Research Highlights Possibility Of Halting Dental Caries Epidemic
Researchers at The Forsyth Institute have made significant advances in research to develop a vaccine against cavities. The research team of Martin Taubman, DDS, PhD and Daniel J. Smith PhD, has discovered key molecules that can stimulate a human immune response and has successfully conducted immunization trials in animal models. The global epidemic of dental caries (cavities) highlights the growing imperative to develop a vaccine to prevent cavities.
Dental caries is an infectious disease that occurs when microorganisms accumulate on the teeth, especially in the presence of sucrose (sugar), says Taubman, head of the Department of Immunology at Forsyth. "Oral health is a critical component of general health and well-being," said Dr. Taubman. "Unfortunately, dental caries remains a chronic problem that is not only widespread in the industrialized world, but is also increasing in prevalence in developing nations. We have a real opportunity to address this public health crisis, and to improve quality of life, while preventing long-term health problems."
A full report of the scientific and public health imperative for a vaccine against dental caries will be published in the July 2006 issue of Nature Reviews Immunology.
"Many people are fortunate enough to never experience the devastating effects of severe dental caries," said Phil Stashenko, Vice President of Research for The Forsyth Institute. "However, even here in the U.S. dental caries is the most common childhood disease."
Why A Vaccine is Needed Worldwide, 5 billion people suffer from tooth decay. The World Oral Health Report 2003, published by the WHO, indicates that dental caries is a major health problem in most industrialized countries, affecting 60-90% of school children and most adults. In the United States, dental caries remains the most common childhood disease five times more common than asthma. At the same time, there are considerable disparities in oral health status, with a sharp increase in cavities among the nation's poorest children. These children suffer from chronic pain that is caused by abscessed teeth, as well as from the psychological stigma of unsightly decayed teeth.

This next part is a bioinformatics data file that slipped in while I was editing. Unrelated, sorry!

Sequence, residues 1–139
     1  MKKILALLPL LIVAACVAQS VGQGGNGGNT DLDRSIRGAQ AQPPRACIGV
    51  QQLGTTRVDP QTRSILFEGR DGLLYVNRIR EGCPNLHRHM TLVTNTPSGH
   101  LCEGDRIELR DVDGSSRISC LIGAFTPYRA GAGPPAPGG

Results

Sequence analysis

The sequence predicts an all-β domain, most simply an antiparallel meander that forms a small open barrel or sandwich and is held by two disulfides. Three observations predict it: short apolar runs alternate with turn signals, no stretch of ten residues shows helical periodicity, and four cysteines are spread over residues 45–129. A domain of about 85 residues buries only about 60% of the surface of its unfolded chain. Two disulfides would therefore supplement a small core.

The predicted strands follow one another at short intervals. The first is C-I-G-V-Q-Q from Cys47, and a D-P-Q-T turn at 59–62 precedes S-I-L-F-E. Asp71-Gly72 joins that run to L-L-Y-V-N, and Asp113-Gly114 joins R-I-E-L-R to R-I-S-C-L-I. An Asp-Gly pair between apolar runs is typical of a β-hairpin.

Dental disease also significantly impacts the national health budget. In the United States, more than $70 billion is spent on dental treatment, a figure that is expected to grow by nearly 10% per year. Thus, over 5% of total US health care budget is committed to treating oral disease. The impact is also felt in other ways. Over 20% of reservists in the US Armed Forces were unable be deployed to Iraq in the recent Middle Eastern conflict.
Forsyth's strategy is aimed at stimulating the production of antibodies that inhibit the enzyme that allows bacteria to accumulate on teeth. The researchers believe that the best way to protect against caries over the long term is to vaccinate children at about the age of one, after teeth have begun to emerge, but before mutans streptococci bacteria have begun to colonize the tooth surfaces. At this stage, Taubman explains, children's immune systems are developed enough to produce antibodies to prevent accumulation of mutans bacteria and the tooth-decaying acid the bacteria manufacture. Once the bacteria already accumulated, antibodies form, but are not effective in halting decay.
The Forsyth researchers are focusing on "mucosal" vaccines that can be sprayed into the nose for several reasons. Primarily these vaccines are better-targeted to stimulate nasal-associated lymphoid tissues, which can result in antibodies in saliva or other mucosal areas and, they are easier to administer to young children.